18. 'Comedy is hard.' (Last words of Edmund Kean.) Comedy plays best in the mastershot. Comic structure is simply dramatic structure but MORE SO: neater, shorter, faster. Don't attempt comedy until you are really expert in structuring dramatic material.

19. The role of the ANTAGONIST may have more to do with the structure of the plot than the character of the PROTAGONIST. When you are stuck for a third act, think through your situations from the point of view of whichever characters OPPOSE the protagonist's will.

20. PROTAGONIST: the central figure in the story, the character 'through whose eyes' we see the events.

  • In books, those two definitions don’t have to apply to the same character: Gatsby is the central figure in “The Great Gatsby”, but Nick is the one through whose eyes we see the events. In movies, this doesn’t work. We can only invest ourselves in the actions of the main character, not their perceptions of another character. It’s always seemed me that the only way to make a movie of Gatsby would be to eliminate Nick entirely. Simply make Gatsby the hero (or anti-hero). You would lose a lot of the mystique, and it would be a very different story, but it would have the immediacy that movies demand. (The same problem plagues the adaptations of “All the King’s Men”)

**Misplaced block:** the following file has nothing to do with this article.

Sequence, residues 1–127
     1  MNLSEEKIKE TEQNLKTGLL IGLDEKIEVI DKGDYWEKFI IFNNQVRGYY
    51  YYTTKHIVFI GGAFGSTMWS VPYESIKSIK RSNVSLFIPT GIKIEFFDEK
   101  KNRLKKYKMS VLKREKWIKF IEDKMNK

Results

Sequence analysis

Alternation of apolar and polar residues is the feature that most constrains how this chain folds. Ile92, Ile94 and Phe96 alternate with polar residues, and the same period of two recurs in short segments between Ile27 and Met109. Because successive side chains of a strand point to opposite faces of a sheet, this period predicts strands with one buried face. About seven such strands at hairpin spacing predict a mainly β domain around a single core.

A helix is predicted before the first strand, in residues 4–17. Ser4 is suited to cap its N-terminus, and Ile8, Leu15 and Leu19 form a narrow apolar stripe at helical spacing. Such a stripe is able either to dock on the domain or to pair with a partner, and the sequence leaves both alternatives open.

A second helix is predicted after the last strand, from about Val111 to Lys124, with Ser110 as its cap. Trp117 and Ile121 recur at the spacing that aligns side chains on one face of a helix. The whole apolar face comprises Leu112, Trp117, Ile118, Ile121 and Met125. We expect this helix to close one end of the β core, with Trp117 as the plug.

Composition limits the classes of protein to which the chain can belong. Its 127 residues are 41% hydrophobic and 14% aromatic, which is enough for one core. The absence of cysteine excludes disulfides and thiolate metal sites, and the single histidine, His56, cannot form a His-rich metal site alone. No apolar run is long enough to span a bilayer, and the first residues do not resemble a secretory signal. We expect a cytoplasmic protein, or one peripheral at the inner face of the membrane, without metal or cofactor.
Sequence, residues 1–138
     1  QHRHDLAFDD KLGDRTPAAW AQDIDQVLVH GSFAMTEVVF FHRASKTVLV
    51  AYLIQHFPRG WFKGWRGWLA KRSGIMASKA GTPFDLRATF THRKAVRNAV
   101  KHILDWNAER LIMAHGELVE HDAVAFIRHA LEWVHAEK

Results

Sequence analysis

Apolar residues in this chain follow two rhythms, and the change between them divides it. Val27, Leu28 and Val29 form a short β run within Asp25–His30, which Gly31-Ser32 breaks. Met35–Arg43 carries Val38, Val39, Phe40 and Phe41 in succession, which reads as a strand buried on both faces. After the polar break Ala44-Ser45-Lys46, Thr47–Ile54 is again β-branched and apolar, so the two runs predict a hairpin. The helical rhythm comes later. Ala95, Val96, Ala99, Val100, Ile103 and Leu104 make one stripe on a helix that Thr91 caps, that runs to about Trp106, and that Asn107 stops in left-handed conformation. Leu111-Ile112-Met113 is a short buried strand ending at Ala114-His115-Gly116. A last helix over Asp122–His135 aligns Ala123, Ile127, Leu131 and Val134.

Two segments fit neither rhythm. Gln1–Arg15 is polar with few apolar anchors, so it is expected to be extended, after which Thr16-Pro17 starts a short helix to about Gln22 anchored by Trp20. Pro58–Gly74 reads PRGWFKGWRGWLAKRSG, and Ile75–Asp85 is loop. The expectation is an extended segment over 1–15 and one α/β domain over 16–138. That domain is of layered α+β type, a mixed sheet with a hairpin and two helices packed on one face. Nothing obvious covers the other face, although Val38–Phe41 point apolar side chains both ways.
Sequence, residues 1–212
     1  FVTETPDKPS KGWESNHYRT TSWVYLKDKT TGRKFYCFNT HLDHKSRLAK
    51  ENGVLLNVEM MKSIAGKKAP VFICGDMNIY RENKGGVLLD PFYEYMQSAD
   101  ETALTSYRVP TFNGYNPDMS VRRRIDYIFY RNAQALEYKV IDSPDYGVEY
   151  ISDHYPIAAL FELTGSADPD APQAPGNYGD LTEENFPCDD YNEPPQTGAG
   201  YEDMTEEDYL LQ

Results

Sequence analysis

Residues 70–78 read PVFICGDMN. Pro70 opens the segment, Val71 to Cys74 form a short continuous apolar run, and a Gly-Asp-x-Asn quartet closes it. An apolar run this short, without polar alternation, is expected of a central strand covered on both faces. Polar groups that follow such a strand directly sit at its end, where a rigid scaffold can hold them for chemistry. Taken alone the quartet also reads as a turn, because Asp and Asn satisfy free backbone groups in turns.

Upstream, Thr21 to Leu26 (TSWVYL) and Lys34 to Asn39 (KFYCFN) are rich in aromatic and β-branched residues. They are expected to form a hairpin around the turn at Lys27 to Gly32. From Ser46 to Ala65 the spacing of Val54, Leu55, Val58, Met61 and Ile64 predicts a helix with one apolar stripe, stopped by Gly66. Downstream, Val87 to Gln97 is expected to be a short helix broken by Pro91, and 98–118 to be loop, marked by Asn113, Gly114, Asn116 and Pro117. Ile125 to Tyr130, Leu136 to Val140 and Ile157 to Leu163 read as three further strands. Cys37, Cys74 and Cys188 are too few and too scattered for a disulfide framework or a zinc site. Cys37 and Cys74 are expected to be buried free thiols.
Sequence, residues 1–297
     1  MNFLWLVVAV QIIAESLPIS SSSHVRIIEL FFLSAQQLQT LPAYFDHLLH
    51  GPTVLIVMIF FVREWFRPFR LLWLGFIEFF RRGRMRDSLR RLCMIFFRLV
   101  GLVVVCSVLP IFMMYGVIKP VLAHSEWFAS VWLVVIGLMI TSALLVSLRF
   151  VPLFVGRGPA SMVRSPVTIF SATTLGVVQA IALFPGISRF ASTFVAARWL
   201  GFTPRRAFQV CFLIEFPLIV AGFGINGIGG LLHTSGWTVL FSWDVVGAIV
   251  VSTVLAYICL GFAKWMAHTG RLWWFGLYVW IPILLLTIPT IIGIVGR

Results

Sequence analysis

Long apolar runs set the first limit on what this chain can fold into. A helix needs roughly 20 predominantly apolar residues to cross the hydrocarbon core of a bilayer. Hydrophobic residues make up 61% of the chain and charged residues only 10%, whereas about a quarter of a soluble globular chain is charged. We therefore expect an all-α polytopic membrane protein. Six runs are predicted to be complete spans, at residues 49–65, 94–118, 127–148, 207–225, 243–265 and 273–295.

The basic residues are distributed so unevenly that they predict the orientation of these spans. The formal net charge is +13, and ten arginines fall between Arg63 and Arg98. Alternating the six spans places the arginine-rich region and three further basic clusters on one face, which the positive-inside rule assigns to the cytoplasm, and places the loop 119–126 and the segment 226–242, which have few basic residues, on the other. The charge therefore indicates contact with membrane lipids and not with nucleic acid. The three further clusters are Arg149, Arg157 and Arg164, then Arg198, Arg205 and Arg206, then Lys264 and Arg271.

21. ANTAGONIST: the character or group of figures who represent opposition to the goals of the protagonist.

  • That one’s fairly self-explanatory. Tomorrow, 22-31…

Thursday, December 08, 2011

Mackendrick's Rules, Part 1: Rules 1-10